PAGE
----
Since Government guidance and restrictions are being updated daily, landlords should keep their repairs and maintenance policies and procedures under review and risk assess them
Q. What additional guidance has the Government published for working in people’s homes and for the construction industry?
A. On 11 May 2020, the Government published detailed guidance on ‘Working safely during coronavirus (COVID-19)’ for those working in ‘other people's homes’ and for those working in ‘Construction and other outdoor work: Guidance for people who work in or run outdoor working environments’. While this guidance does not fundamentally change previous advice about safe working, it is more detailed and Landlords, their workforce and their repairs and maintenance contractors should ensure working practices take it into account. This guidance will help landlords review any planned maintenance work they had put on hold during Covid-19 restrictions.
Q. What should landlords do about planned maintenance and work in void properties?
The MCHLG letter explains that landlords should resume external planned maintenance works and services. However, internal planned maintenance should only take place in homes where residents are not shielding or self-isolating. Landlords are also able to carry out maintenance and repairs in empty properties, so that they can be re-let to new tenants. The operatives will be responsible for ensuring that this work is done safely.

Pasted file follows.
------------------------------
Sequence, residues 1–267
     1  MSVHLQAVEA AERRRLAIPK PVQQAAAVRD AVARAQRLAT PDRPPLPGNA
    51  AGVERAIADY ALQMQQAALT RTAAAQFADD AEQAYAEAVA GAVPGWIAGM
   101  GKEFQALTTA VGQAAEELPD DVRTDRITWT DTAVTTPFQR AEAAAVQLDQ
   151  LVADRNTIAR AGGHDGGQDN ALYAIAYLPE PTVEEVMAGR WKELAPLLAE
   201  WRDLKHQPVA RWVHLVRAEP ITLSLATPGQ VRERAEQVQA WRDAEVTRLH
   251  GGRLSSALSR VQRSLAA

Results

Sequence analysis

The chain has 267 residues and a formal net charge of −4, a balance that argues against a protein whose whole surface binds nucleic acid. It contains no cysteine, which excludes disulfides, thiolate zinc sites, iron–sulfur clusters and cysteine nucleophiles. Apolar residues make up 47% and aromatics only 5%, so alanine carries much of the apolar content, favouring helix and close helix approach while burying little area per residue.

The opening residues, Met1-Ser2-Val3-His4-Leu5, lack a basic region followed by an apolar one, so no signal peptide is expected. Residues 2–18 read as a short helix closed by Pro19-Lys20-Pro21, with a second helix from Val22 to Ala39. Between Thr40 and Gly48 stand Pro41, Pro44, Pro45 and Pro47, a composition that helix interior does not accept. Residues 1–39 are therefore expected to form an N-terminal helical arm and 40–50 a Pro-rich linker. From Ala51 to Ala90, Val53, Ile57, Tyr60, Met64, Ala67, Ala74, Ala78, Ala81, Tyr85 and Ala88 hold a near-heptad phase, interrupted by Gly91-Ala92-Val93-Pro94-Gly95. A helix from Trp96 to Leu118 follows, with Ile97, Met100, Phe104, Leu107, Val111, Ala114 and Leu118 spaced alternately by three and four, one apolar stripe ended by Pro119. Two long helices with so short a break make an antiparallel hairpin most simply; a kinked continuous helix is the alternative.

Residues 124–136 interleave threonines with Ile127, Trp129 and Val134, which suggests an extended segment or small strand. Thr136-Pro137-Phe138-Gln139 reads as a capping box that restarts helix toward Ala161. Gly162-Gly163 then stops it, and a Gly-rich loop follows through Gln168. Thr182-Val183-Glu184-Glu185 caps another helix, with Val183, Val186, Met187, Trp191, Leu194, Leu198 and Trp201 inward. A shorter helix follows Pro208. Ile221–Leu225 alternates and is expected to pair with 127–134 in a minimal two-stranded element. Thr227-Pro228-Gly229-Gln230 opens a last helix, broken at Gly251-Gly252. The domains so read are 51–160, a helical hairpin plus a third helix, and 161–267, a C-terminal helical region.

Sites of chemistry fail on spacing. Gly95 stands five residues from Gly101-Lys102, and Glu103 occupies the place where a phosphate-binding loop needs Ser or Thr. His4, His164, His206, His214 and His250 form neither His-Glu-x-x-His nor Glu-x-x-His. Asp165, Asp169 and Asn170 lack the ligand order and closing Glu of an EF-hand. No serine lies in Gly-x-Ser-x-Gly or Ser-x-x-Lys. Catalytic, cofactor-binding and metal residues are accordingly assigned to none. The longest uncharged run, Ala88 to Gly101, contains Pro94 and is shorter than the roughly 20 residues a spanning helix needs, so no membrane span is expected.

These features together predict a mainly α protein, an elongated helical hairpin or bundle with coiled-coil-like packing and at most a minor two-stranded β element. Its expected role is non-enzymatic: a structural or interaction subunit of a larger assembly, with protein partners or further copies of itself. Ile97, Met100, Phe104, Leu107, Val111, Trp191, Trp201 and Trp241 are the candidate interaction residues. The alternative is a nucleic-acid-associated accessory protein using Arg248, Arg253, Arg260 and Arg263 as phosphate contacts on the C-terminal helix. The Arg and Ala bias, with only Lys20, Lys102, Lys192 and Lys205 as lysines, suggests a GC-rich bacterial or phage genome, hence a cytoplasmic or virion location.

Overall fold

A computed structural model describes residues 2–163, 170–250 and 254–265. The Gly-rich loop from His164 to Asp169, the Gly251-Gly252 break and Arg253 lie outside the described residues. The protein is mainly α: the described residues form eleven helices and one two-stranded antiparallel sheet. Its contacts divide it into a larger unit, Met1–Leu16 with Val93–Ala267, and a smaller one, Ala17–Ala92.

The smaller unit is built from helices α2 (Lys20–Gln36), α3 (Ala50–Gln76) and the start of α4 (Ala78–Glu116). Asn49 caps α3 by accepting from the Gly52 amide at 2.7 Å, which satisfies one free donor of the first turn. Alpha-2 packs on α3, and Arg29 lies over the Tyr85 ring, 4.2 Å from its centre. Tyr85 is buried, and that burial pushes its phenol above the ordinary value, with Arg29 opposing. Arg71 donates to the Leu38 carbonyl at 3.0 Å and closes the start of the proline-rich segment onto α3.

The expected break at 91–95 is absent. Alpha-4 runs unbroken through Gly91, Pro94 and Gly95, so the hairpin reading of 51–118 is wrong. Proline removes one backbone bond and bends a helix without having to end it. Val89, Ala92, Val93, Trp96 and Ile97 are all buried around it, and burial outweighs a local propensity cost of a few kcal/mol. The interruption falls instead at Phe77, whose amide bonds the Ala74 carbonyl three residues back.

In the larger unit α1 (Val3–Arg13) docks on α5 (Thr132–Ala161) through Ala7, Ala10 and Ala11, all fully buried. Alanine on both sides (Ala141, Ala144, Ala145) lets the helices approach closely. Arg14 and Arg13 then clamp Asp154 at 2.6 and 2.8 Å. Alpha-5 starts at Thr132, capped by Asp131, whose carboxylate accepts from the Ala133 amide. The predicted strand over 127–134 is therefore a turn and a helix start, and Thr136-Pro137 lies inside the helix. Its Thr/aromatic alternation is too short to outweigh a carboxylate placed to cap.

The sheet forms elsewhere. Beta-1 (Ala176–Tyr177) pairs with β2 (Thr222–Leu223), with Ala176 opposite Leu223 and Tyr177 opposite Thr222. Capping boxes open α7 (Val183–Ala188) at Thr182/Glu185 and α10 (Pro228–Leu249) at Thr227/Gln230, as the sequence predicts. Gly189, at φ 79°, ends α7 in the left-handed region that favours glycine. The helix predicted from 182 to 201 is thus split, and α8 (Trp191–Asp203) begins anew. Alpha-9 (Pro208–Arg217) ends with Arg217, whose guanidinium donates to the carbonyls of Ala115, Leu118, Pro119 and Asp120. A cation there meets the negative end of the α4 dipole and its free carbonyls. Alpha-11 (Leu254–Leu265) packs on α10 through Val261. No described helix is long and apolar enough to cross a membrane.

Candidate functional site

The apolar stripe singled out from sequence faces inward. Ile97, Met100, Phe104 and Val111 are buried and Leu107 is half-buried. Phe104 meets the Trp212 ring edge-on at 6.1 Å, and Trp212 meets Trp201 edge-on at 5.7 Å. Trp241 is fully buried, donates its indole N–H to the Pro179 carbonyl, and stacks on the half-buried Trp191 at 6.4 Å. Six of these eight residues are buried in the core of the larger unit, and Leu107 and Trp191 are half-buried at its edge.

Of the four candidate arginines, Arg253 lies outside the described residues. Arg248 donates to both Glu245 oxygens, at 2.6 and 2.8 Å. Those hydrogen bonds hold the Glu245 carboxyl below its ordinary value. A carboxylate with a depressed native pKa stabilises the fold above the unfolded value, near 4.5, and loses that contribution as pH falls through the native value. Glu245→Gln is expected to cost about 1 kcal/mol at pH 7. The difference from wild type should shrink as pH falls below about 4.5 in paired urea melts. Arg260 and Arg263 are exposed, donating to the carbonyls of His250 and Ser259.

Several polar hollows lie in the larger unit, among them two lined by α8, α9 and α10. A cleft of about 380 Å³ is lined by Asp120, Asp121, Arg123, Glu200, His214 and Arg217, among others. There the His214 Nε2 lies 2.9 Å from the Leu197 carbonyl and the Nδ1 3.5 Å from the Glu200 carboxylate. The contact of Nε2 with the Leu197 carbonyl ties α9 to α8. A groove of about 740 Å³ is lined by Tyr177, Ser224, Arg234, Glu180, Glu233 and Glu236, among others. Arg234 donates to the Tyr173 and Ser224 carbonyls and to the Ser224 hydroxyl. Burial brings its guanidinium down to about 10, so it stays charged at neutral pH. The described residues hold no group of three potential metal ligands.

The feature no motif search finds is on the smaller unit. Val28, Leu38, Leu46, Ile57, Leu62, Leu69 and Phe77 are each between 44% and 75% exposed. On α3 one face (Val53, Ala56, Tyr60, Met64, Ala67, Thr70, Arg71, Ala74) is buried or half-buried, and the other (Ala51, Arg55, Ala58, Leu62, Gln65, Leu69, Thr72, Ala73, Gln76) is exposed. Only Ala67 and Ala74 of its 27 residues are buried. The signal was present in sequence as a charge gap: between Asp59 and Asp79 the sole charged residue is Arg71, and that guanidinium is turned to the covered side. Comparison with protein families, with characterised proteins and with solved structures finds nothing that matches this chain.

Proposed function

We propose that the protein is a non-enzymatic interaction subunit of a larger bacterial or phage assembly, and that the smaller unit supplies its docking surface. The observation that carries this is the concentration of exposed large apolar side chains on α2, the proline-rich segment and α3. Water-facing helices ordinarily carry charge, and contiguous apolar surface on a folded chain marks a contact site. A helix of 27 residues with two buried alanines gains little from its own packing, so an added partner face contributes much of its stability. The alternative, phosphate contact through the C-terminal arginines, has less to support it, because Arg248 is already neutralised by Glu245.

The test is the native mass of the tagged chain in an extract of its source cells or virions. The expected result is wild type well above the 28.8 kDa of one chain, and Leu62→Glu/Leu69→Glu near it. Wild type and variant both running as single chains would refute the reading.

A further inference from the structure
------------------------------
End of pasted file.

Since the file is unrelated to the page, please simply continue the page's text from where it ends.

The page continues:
Q. What about landlords’ legal obligations to provide regular gas and electrical safety inspections? Will they be prosecuted if they cannot get access?
The MCHLG letter explains that Landlords should make every effort to abide by statutory safety obligations, such as annual gas safety inspections, particularly as people are spending most of their time at home. The Regulator of Social Housing (RSH) previously published additional guidance on 8 April 2020 about gas safety for social landlords referring to advice for landlords published by HSE. RSH has also explained that it would survey providers to understand how they are coping with the impact of coronavirus on specific operational risks. This survey will be hosted on its data collection portal NROSH+ and will ask providers to answer a single multiple-choice question on each of 5 key areas: